Ex-Baader-Meinhof member jailed
A former member of Germany's far-left Red Army Faction was convicted today of complicity in the murder of Germany's top attorney 35 years ago in what is likely to be the last court case investigating members of the Baader-Meinhof gang.
Verena Becker was sentenced to four years' imprisonment for her involvement in the murder of German State Prosecutor Siegfried Buback in the southwestern city of Karlsruhe in 1977.
Stuttgart's higher regional court found her guilty on three counts because two people accompanying Buback were also killed.
Hermann Wieland, the judge presiding over the case, said Becker, sporting her trademark small black sunglasses, had "decisively collaborated" in making the decision at a Red Army Faction meeting in the Netherlands to murder Buback.
Buback was travelling from his home to the federal high court in Karlsruhe when a passenger on a motorbike fired an automatic weapon at the Mercedes he was in, killing him and two other people in the car.
Three members of the faction were convicted of killing Buback, but their vow of silence meant the person riding the motorcycle has never been identified.
The federal high court found the weapon in Becker's possession in 1977 and later found traces of her saliva on a letter in which the faction claimed responsibility for the assassination.
The faction, co-founded by Andreas Baader and Ulrike Meinhof, emerged from the student protest and anti-Vietnam war movements in West Germany in the 1960s.
They tapped into a vein of resentment at the failures of a cumbersome de-Nazification process and anger at a generation who had lived through the Nazi era and gone on to live comfortable, capitalist middle-class lives.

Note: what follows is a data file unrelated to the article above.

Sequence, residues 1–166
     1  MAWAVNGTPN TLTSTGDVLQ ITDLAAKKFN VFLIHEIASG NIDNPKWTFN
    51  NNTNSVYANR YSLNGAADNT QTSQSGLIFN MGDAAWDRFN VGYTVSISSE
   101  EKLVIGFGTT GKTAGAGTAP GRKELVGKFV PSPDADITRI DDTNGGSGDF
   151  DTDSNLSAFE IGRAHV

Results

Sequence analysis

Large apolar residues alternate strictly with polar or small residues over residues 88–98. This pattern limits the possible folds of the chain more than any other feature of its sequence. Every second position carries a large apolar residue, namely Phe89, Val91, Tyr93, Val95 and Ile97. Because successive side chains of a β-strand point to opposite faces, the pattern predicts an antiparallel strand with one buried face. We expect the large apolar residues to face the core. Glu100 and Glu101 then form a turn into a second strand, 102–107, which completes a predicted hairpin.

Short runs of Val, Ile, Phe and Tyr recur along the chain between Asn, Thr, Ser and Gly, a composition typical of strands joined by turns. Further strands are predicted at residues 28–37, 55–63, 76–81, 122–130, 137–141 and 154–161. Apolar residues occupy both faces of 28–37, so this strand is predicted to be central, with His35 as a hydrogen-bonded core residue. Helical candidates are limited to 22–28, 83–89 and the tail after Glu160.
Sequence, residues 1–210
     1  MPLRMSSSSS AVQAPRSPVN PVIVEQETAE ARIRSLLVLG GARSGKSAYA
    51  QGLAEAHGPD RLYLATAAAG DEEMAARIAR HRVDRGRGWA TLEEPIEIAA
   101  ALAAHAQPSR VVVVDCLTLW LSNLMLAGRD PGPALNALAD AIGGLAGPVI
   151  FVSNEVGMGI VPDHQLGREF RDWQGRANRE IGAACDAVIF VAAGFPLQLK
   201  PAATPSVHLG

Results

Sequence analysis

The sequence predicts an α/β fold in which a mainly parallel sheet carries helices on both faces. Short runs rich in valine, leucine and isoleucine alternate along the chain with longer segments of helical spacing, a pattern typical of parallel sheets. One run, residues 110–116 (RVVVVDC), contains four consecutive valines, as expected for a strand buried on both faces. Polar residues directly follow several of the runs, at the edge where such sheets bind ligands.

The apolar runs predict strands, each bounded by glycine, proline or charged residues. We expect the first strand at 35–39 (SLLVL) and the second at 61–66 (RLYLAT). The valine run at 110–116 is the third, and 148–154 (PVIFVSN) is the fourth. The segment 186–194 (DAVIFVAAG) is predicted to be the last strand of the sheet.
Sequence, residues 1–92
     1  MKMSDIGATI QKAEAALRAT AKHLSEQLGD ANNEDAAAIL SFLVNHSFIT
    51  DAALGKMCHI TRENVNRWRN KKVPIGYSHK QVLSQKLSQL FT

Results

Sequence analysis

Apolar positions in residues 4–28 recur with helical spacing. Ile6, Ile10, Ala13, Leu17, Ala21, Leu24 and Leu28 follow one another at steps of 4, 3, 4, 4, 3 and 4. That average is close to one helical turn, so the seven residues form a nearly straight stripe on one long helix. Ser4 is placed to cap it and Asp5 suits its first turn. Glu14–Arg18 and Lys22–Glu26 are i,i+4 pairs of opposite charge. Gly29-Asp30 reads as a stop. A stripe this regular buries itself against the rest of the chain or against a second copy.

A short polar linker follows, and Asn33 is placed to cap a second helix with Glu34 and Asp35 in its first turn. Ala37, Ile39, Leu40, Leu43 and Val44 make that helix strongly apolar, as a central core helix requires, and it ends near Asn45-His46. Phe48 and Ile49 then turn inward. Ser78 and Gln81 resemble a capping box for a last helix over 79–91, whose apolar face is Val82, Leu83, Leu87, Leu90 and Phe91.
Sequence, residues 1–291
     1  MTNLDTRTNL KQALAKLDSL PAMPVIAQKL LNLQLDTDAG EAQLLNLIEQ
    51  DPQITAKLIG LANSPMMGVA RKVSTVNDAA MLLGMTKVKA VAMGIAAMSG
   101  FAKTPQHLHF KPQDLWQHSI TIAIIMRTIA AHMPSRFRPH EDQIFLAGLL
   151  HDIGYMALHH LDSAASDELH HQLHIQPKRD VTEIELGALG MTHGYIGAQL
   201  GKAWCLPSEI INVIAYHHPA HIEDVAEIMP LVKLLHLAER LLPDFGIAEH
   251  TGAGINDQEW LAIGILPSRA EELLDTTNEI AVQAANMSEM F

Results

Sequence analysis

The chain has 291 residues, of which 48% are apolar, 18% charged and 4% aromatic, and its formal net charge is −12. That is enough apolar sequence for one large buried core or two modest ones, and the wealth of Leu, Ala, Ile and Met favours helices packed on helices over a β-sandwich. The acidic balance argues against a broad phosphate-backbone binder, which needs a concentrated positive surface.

Becker (59) went on trial in September 2010 for complicity in the murder and pleaded not guilty.
She kept her silence until the 89th day in court, when she spoke to deny her involvement in the assassination, saying she had been in Yemen at the time of the killing and telling Buback's son she could not say who had murdered his father.
Michael Buback, Buback's son, joined the case as a civil plaintiff in the hope of achieving some closure.
"To us this trial was very useful and supplied a lot of information and those who were here regularly would have noticed that, I think," he said after the verdict."We are searching for the truth, how it happened and who did it. And we hope that the court would have an answer ready. That's the court's job," he said.
But the judge criticised his civil action, which helped to bring about the trial.
"It's easy to quickly formulate accusations from a desk," he said.
Becker was sentenced to life imprisonment in 1977 for armed robbery and attempted murder. She served 12 years in jail before being pardoned in 1989 and began a new life under an assumed identity.